It's hard to see who has benefited from it apart from major employers, abortion clinics, alcohol manufacturers and the state. It is the state which in the crudest sense gets the extra taxes, and in a deeper victory sees its old adversary, the married family, weakened to the point where it now barely exists. The decline in marriage has been one of the swiftest and least noted social changes in British history, as has the disappearance of the full-time mother and the appearance of a gigantic network of day-orphanages for the children left motherless for five days of each week as a result. . . . It is also clear that private life, that essential shelter for free thought and free speech, has been much reduced by it. . . .
What is truly liberating (or socialist, or even radical) about swapping home life, with its independence and personal freedom, for wage slavery and the tax slavery that invariable comes with it?
What is Left-wing about the vast, greedy industry of baby farms, in which the young are minded by legions of paid strangers with no long-term interest in their charges. Wage-slave women are a cruelly exploited new class as an old-fashioned nineteenth-century radical would instantly see. But the modern left is a vociferous supporter of the exploiters. It is left to the tougher religions, and to despised social conservatives, to oppose it.
. . . a campaign to liberate women from domestic oppression has changed into a wholly different and effectively opposite campaign to enslave women in offices and call centres. There they are actually oppressed by managers who can sack them, and who have no interest in them if they become pregnant or grow old or ill. This is instead of being nominally oppressed by husbands who are supposed to keep them for life, for better or worse, for richer or poorer, in sickness and in health.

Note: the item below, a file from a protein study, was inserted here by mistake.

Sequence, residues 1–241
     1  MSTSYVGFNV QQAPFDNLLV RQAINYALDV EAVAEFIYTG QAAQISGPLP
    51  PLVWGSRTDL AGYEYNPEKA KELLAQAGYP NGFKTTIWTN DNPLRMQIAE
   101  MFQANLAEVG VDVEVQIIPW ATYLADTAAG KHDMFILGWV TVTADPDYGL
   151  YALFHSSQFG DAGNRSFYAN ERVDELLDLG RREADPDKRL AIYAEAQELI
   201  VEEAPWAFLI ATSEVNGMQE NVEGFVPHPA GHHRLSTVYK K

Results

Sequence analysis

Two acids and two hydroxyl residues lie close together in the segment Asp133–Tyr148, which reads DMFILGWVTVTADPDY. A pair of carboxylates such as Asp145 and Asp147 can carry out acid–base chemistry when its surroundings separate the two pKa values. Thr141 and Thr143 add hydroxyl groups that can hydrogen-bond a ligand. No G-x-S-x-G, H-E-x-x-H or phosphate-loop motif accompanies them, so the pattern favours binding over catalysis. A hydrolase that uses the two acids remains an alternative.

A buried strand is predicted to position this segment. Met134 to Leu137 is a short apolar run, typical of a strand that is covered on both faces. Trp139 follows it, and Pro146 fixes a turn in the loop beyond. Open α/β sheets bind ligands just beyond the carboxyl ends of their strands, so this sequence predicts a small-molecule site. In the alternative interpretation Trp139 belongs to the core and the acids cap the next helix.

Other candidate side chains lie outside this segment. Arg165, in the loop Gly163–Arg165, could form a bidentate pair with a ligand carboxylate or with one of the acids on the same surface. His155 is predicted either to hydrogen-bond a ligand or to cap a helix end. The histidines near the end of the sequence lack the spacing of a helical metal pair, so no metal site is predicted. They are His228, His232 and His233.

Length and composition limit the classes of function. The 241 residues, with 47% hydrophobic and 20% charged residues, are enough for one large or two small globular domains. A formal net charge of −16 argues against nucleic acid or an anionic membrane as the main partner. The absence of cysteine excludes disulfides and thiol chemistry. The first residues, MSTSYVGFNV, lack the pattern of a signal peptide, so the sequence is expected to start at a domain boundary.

A campaign originally aimed at allowing the greater personal fulfilment of women, and their liberation from drudgery, has replaced one form of drudgery with another, much harder to escape and more ruthless. And a campaign which had been supposed to allow women to be more free is now a campaign which requires the dismantling of private life, where free thought is nurtured and independent, thinking individuals are brought up. . . .
In this new world, women do not marry for life (for this is unendurable imprisonment). They do not raise their own children (for this is a form of enslavement which destroys their potential). They denounce any calls for them to obey their husbands out of love (for this is feudal oppression), but readily obey workplace masters for money. In return they are rewarded with that money and that sort of pleasures that can be bought with money. But they live in growing fear of age, as demonstrated by the disturbing fashions for Botox treatment and plastic surgery. For, unlike lifelong marriage, employment depends on youth. And so does the availability of sexual fulfilment, supposedly made so much simpler by the new morality. . . .
On a more mundane level, women may desire marriage. And so do many men. But the laws which now govern wedlock ensure that many men will avoid a contract which can be easily broken by one party against the wishes of the other, which can strip them of much of their wealth and deprive them of their children. Also, the former importance of marriage has been dissolved by general sexual availability without commitment. . . .
The children of this confusion, often drugged to make them behave, are brought up by strangers or by the state. They frequently have distant relations with their parents and learn little or nothing from them except mistrust. In British society in the last few decades, a number of things have simply stopped. Girls no longer learn to sew and bake. Boys no longer play rough games and in many cases play no sport either. Children do not sing. Most of the young know no history or lore of the past. Local accepts, except for a few very powerful ones, have faded and died. Nursery rhymes and proverbs are unknown, street games such as hopscotch and conkers have nearly vanished, ancient slang expressions have been forgotten in favour of the English of the soap opera. . . . These are symptoms of a much deeper loss. The destruction of private family life has dried up a thousand-year-old river of myth and language, custom and morals, poetry and story. The riverbed has, as such ravaged places do, filled up with the rubbish and refuse chucked into young minds by TV programmes and computer games.
Peter Hitchens, The Broken Compass: How Left and Right Lost Their Meaning (London: Continuum, 2009), p. 110ff.]